|Black Metal, Thrash Metal
Ibex Moon Records
July 6th, 2010
Release length: 58:25
The first nine tracks of this release come from the Rites of the Pentagram full-length, while the rest are from the Metal of Death demo recording. There isn’t too much of a difference between the recording quality of both releases, as both have good production aspects to them that really capture the Thrash atmosphere of the band while still having a slightly raw Black Metal appeal, however, the Metal of Death release does seem to have a slightly stronger Black Metal approach compared to Rites of the Pentagram, losing some the unique appeal that is presented prior to those songs and becoming a little bland. The release has an odd mixture of upbeat music, which you’ll pick up on almost instantly and seems to end after a short while, meets a blackened evil feeling. The pace of the music on here is typically faster, but the solos are usually a little faster then the songs overall. The vocals are a traditional rhaspy wailing style that many would associate with bands of this musical combination, and it works out well against the Thrash based music, though sometimes it feels like it may conflict with the overall product, even though the guitar solos will often make up for it with it’s slight Thrash shred, but sounds differently then the guitars on the rest of the album, as well as a little clearer and played in a way that it can often give off a haunting atmosphere, such as the solo near the end of “By Scourge & Wrath”.
While the music is Thrash with some Black Metal atmosphere to it, the upbeat aspect of the music appears on some of the tracks and gives off a more straight forward Thrash feel that would lead the listener more in the direction of the kind of music you would assume the worship and consumption of beer and other alcoholic beverages would be professed in the lyrics with a somewhat polished recording quality. While tracks like “Bloodsoaked” really push the more Blackened atmosphere of this release, there are songs on both releases that comprise this split, such as “Decibel Ritual”, that usher in a sound that makes you want to just get up and mosh right away more so then headbanging in the name of the Devil. Luckily this seems to stop dead in it’s tracks after this song, as the rest of the release seems to usher in more Black Metal soaked tracks that often go at a much slower pace, such as “By Scourge & Wrath”, as well as some faster tracks like the longer and more complicated composition “A Celebration of Wounds”, which really is the best track off the release thanks to it’s speed and technical Thrash chords mixed together with an overall blackened atmosphere and riffs that the complexity winds up based off of.
There’s also a decent amount of audio samples put into play on these releases that, for the most part work, but sometimes just sit there like a brick. The release kicks off with one at the starte of “Rites of the Pentagram”, which suits the album and gets you a little worked up for what is coming next. However, the track “Pissing on Your Grave” features two audio clips, and the only one that really has any worth to the release is the sample at the end, which rings the song out nicely and is rather short, where the first that starts the song doesn’t really do anything but eat up time. The audio sample used against the music in “Suicide”, as well as the acoustic track “Reckoning (B.E.F.S.)” really is how these samples should be used on this, or any album for that matter, as it is a simple audio clip that is laid in the background of a short acoustic track that bleeds into the intense straight forward Black Metal track “One Million Dead & Counting”, which is a phenomenal closing to the Rites of the Pentagram full-length, although not the only option since “Decibal Ritual” is composed as if the band were performing it live as the last song of their set. It’s hard to argue which of the two would best close out the album, but due to it’s placing, “Decibal Ritual” does cause some mucking up of the flow the album would have had so early in the album, as well as the fact that it all would have sounded better had the tracks that make up Metal of Death come before those from Rites of the Pentagram.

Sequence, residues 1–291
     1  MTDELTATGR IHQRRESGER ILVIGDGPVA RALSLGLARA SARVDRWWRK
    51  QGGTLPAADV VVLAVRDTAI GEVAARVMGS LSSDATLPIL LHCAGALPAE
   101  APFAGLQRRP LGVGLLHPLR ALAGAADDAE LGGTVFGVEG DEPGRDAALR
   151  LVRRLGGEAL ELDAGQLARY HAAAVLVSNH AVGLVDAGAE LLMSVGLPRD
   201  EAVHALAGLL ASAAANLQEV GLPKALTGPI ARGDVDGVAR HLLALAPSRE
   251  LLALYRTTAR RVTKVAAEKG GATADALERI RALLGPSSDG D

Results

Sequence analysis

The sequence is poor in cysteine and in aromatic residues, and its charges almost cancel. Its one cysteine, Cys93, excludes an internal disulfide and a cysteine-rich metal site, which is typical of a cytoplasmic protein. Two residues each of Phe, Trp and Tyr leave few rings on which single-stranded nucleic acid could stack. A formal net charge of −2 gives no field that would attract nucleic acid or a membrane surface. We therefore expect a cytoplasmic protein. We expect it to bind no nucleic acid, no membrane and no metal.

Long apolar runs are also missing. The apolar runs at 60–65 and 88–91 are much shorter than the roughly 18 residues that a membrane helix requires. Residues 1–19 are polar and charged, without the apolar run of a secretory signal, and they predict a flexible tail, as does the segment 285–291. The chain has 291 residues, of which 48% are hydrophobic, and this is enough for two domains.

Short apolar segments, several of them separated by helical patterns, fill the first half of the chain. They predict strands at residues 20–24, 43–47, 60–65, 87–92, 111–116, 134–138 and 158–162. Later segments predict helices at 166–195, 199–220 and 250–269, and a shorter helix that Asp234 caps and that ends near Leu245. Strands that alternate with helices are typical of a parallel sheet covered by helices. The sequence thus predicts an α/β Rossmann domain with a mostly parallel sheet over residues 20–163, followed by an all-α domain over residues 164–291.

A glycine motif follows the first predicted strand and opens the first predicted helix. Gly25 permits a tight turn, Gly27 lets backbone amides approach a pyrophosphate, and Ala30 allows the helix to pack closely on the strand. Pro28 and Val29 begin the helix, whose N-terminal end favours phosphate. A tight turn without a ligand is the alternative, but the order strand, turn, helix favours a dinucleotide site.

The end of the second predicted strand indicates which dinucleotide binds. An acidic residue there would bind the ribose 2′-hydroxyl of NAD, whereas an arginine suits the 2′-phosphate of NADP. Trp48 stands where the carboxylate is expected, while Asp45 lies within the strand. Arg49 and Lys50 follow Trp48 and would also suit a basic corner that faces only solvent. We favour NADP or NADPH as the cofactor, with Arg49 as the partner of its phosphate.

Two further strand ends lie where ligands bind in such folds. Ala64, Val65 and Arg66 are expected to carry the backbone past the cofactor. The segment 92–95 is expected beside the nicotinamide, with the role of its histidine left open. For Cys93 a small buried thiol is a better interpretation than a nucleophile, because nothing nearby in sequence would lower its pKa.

It’s clear from this split compilation that Gravehill have some great potential. There’s really nothing on here that sounds bad, and it’s great to hear the maturing and exploration of the band since their Metal of Death release, as well as to have that so readily available, even though it was already reissued with another EP not long before this release, making it the third time this demo has been released. It’s clear the band does have more ground to explore, as well as needs to lay off using more then one or two audio samples an album unless they manage to creatively bring them into the music and make them effective instead of just tacking them on to the start or end of a song and disrupting the flow. Hopefully there will be more original material from the band, and fewer reissues of their older material in such a short amount of time from it’s original date of release, and when that time comes, we’ll see a Gravehill that has matured nicely and created a sound all it’s own. Until then, Rites of the Pentagram/Metal of Death is a great release to add to your collection, as it features two great releases full of Thrash and Black Metal anger.
01. Rites of the Pentagram – 4:13
02. Decibel Ritual – 4:03
03. Bloodsoaked – 4:29
04. Pissing on Your Grave – 5:07
05. The Luciferian Mark – 3:57
06. By Scourge & Wrath – 3:49
07. A Celebration of Wounds – 6:14
08. Reckoning (B.E.F.S.) – 1:56
09. One Millione Dead & Counting – 4:32
10. A Promise Made in Heresy – 4:40
11. Purifier of Flesh – 4:57
12. Ravager – 2:26
13. Murder – 3:30
14. Suicide – 4:31
|Initial Pressing Score: 7.5/10
via Clawhammer PR.